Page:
>>  treated with the same lack of deference a typical semiretired
>>  software engineer would be?  There is a record of a certain
>>  baseball player---I forget who---who was put at the head of
>>  the list for some state or federally funded medical treatment
>>  a few years back. You'll never root out that kind of corruption.
> I guess it's possible, but the same sort of thing can happen if you're
> trying to book a restaurant table.

Not at all. Keep in mind that so long as not all the restaurants
are regulated by the government (which is steadily becoming
more and more not the case in California and perhaps America
in general), then you can always *freely choose* to take your
business elsewhere.

> In my personal experience over 16 years in the Australian
> public health system something like this has happened once,
> when hospital management requested that a relative of a
> famous person be reassessed after he was rejected for
> admission.

There is utterly no guarantee that the same would hold for
a far larger, much more diverse society with entirely different
government traditions. Cronyism and corruption have a much
longer history in the U.S. than in Australia if for no other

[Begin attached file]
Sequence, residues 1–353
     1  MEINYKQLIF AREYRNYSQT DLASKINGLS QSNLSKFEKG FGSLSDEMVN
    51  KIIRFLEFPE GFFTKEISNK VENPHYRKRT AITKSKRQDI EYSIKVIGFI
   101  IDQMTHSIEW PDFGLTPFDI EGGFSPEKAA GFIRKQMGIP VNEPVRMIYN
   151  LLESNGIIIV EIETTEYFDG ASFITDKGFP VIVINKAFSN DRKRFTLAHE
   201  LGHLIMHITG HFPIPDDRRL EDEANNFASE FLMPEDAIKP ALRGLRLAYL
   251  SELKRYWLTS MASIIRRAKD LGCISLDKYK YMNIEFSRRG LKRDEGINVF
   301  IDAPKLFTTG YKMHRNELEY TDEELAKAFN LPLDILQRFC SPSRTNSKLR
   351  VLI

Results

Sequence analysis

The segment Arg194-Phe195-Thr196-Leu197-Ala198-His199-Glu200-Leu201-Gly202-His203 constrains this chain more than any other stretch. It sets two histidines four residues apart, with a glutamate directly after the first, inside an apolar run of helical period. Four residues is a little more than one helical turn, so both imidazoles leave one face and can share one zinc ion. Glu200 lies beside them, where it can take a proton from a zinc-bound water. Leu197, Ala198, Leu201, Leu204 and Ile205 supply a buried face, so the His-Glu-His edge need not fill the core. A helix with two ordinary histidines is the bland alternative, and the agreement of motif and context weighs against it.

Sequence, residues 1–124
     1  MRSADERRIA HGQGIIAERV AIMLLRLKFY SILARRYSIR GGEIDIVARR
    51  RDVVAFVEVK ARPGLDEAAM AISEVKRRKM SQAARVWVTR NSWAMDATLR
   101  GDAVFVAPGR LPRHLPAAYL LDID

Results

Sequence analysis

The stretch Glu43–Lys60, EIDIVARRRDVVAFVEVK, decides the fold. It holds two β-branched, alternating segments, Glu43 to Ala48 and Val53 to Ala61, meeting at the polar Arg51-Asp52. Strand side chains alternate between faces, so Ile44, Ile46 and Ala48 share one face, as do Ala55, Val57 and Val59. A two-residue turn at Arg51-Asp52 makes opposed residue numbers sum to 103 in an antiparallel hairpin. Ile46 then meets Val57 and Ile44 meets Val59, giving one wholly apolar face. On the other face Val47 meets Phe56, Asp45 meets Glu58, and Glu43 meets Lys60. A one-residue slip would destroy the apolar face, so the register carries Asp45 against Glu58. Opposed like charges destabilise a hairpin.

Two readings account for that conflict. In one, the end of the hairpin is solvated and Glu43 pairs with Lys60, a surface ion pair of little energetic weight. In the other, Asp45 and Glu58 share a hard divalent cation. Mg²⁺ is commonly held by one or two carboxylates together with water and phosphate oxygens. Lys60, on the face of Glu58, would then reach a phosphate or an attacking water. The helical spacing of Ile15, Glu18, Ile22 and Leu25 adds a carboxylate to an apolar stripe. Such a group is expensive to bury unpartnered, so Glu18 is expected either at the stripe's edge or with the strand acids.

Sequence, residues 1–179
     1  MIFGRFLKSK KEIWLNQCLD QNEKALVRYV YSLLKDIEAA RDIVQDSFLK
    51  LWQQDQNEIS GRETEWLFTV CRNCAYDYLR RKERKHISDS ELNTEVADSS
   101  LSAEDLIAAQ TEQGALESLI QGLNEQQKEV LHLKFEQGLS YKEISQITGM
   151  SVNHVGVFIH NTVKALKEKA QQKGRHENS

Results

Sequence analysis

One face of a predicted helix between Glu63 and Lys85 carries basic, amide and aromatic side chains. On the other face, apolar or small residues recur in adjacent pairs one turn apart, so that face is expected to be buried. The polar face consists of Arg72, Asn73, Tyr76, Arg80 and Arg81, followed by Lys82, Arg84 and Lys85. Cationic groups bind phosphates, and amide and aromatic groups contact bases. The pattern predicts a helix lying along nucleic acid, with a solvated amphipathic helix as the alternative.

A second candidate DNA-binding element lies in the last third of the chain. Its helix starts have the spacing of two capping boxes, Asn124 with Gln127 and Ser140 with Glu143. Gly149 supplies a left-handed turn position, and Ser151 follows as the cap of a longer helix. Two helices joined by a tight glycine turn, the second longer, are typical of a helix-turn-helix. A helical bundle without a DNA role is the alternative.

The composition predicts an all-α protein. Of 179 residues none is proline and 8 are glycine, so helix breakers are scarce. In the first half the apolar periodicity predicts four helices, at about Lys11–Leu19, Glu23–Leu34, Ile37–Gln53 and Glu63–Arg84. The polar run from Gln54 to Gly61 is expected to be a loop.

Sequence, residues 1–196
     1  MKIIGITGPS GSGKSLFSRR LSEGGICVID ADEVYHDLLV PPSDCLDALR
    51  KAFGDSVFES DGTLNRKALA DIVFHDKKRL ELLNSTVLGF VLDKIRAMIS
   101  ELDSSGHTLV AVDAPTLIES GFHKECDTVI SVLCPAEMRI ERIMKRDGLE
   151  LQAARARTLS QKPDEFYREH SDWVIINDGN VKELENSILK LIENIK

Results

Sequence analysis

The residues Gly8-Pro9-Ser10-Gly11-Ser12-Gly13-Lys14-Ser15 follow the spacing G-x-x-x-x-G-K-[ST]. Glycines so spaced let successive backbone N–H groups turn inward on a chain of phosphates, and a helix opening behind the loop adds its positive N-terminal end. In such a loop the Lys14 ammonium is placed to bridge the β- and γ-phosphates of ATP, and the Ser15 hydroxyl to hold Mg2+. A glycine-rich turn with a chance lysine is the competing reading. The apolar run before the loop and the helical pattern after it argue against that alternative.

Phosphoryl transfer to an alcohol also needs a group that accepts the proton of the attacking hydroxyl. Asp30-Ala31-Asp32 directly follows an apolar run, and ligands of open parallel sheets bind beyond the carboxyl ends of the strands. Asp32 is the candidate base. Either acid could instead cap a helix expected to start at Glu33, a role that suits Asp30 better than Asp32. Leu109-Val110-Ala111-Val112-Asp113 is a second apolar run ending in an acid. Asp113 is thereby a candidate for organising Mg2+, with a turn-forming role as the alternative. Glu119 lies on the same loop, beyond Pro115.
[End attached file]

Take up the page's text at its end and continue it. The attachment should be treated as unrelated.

reason the U.S. has a much longer history.

>>  I say let the contracts be written, literal, and binding (and
>>  strongly enforced by the government) between those who
>>  legitimately want insurance for whatever they're afraid of.
>>  And if you are unlucky enough to be born with a condition
>>  that *predictably* at age 40 will start to require $100,000
>>  or $10,000,000 treatments each month to overcome, well,
>>  better then to have been of economic utility to other
>>  people and have become rich.
> This is where universal insurance has an advantage, even if it is
> contracted out to a private insurer. The agreement is to insure the
> entire population of citizens, come what may.

That's still very misleading language, if you ask me. It's not
*insurance* at all!  It's simply a guarantee to all citizens that
their health problems will be "taken care of" by a nationally
tax funded (i.e. by force applied to citizens to compel them
to pay whether they want to opt out or not).

> BTW, there aren't any treatments costing $10,000,000 a
> month that have gone through any of the usual studies to
> show that they are of benefit, since there is no incentive for
> anyone to do such studies.

Perhaps not yet there aren't. But there could easily become
such treatments. Anyway, surely you got my point! Even at
$100,000 a month, some bureaucrat will end up having to
say "no" to some doctors and to some families. In the U.S.
at least, this is a huge incentive for corruption and favoritism.

It's just perfectly clear that on this issue there are some of us
who favor freedom over security, and some who do not. It's
really too bad that we have no countries of any size left in 
the world that are entirely free, in the sense that they compel
their citizens as little as did the U.S. of 1855.   So we can't
learn a thing from such non-existent examples.